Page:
There could be second thoughts next time the unused hotel toiletries are swiped from the hotel as they can’t be quickly sneaked into the side or main compartment without having to open up the hard case entirely.
Hard case or soft case luggage – which suitcase is best?
Choosing between hard case or soft case suitcases? We firmly believe that hard case suitcases are best for travel. The lack of exterior pockets or the slight inconvenience of no top opening does not detract from all the wonderful benefits a hard case suitcase provides.
Hard cases not only look better with a variety of colours and styles, they also provide better protection of valuables when travelling. This protection make hard cases perfect for both checked luggage and for use as hand luggage.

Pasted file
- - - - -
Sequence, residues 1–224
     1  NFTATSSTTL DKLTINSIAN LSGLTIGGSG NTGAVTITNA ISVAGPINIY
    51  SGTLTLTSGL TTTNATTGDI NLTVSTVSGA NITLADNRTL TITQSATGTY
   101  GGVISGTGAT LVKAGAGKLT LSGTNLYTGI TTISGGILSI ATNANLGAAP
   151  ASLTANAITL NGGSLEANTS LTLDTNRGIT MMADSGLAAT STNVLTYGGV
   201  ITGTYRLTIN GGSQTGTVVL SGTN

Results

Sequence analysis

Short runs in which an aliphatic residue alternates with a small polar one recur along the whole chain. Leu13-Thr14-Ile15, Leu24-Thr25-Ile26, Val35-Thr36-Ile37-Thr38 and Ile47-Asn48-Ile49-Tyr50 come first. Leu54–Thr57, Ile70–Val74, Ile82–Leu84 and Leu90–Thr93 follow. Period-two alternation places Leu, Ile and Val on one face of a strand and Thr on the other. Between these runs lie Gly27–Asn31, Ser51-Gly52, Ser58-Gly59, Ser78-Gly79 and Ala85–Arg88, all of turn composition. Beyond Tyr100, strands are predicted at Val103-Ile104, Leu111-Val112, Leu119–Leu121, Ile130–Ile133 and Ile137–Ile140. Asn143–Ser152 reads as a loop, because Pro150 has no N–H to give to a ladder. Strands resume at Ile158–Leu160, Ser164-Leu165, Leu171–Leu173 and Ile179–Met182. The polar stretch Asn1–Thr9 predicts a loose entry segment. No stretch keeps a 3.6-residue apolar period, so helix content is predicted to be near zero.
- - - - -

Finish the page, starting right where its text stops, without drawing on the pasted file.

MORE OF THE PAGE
Hard shell luggage glide easily on four caster wheels and provides extra safety and security from airline baggage theft and damage. Throw in the lightweight polycarbonate material that makes the luggage just as light as soft cases and there really are no reasons not to choose hard case suitcase.
What is the best suitcase for travel? Do you prefer a hard or soft luggage? Would love to hear your tips and suggestions to the best suitcase for travel below: